Thursday, August 30, 2007

Bipolar Music Disorder, Undiagnosed

I’m not an Apple person. Though the iPod is pretty cool and I think the entire iPod marketing campaign is sheer brilliance, I don’t know, I never really got into the iPod thing. Plus everybody has one, and that automatically makes me contrary.

Unfortunately, that means that the music player I do have and like because it’s also a radio is also fairly incompatible with WMP, which means I have to make playlists in WMP to blast at home, and separate but equal playlists in Creative for tuning out on the bus or other places.

On the 4-hour plane ride to Detroit (where, by the way, my 8-month pregnant sister refused to stop by and see me during my layover even though she lives 40 minutes away), I created new playlists on my music player.

My favorite playlist (at the moment) I named Girl You Know It. It’s only slightly different from the Soul Sistahs playlist I have in WMP.

I realized a few months ago that my entire music collection is made up of artists who are, for the most part, either white men (everything from boy bands to jazz to indie rock) or women with big, deeper, powerful voices (largely pop, and a fair amount are also women of color). This is fine in and of itself, except for the disturbingly Freudian fact that that matches my family makeup almost exactly.

There are the exceptions to this trend, of course, like the fact that I have every song by Dar Williams, the Blue Scholars, and Enrique Iglesias.Nonetheless, it’s a weird thing to readmit as you’re rearranging tunes on a plane.

Time After Time

It occurred to La Madre the other day that it’s ten years to the day that I left home for college. Odd how that works out.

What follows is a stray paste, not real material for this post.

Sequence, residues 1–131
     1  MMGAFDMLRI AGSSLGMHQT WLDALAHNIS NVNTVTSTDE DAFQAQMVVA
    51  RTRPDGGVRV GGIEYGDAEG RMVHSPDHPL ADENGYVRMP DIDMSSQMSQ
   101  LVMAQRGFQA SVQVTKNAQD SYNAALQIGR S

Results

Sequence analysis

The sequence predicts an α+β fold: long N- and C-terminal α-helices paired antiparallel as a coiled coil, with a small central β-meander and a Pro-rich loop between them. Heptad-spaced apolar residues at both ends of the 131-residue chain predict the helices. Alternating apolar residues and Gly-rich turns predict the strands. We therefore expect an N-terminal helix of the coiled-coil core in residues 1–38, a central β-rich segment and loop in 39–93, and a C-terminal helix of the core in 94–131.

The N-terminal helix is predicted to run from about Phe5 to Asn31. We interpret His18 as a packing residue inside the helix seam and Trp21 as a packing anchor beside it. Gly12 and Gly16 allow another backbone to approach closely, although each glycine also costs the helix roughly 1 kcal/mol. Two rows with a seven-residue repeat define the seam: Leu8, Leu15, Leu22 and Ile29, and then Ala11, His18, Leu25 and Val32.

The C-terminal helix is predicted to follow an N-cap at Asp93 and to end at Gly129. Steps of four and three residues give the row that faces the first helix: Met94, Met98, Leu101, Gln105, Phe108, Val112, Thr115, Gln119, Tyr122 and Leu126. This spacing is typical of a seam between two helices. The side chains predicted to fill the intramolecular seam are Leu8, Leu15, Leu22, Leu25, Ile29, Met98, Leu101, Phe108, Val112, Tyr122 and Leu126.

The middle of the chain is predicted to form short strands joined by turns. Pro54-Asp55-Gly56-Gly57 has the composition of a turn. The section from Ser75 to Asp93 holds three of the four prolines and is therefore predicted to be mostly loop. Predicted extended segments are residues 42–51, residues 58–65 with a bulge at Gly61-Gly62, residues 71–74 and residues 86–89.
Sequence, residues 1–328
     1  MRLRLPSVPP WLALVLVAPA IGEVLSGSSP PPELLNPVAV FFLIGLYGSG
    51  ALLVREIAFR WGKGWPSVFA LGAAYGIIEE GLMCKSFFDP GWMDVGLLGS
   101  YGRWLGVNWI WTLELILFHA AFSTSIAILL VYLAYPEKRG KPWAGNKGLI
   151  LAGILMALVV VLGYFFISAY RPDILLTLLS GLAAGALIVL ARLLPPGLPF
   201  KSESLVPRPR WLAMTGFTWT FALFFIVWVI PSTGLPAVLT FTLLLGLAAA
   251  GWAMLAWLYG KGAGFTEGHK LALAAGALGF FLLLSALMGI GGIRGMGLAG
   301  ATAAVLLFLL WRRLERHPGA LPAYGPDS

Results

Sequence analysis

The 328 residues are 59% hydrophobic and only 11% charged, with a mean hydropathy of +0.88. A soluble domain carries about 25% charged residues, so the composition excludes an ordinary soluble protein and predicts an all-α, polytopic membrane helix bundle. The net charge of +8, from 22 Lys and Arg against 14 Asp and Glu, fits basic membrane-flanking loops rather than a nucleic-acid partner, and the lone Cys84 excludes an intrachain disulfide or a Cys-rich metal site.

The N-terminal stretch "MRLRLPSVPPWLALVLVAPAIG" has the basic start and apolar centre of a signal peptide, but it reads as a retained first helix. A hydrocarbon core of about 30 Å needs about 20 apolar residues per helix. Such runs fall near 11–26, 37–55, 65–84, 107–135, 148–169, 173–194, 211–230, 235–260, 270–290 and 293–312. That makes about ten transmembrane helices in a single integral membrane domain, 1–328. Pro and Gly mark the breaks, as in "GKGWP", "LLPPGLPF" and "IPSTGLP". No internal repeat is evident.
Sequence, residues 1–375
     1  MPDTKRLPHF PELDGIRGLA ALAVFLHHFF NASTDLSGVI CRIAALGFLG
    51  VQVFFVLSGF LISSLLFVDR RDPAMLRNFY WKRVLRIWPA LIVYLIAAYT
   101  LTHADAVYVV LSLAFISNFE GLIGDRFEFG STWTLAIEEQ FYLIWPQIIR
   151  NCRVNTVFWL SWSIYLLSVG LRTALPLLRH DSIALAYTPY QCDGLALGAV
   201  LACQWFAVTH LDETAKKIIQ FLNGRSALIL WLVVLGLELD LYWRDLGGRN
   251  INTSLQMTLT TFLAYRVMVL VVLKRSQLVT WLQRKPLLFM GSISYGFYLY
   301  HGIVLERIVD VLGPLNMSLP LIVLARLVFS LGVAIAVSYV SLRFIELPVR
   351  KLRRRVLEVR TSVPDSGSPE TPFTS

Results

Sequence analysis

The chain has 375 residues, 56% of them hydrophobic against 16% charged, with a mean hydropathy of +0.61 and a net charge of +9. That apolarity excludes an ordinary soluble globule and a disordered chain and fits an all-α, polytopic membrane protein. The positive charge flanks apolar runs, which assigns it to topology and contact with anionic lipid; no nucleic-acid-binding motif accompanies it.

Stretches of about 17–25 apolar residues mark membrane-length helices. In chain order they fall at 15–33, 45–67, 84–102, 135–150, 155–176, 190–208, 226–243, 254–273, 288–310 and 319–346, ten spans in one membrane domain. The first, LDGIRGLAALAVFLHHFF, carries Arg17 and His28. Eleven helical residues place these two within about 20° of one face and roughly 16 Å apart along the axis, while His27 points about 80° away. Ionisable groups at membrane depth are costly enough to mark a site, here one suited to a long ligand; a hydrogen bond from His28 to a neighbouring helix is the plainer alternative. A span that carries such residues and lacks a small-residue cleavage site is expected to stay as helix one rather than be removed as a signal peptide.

Back then, it also happened to be the day Princess Di died. As I was packing and excited and bouncing up and down in the house, it came on the news that she’d been in a car crash, but that was all at that point. Then, literally, as I got in line to board at the gate, it came on the news that she died, and my sisters handed me their goodbye present (the Mission: Impossible soundtrack). For some odd reason, the combination of a major news event and leaving home and a cool soundtrack made me lose it once I got on the plane. Luckily my seatmate was a quiet middle-aged guy who wisely said nothing and let me sniffle and blow my nose throughout the flight. The guy was also fairly hefty, so I practically had a private little booth in the airplane row to slump down and hide and blubber. In a similar instance a decade later, all was well with the leaving until I had lunch with two good friends and then had to take off to pack and catch the plane.

But this time, there was no wise, silent, and large seatmate to provide a buffer zone. I had to walk through a neighborhood, wait at a crowded bus stop, board the crowded bus, switch to a different bus downtown, and then take another crowded bus home, all while blubbering and snuffling and generally looking awkward. Don’t do so well with the leaving people thing, even ten years later.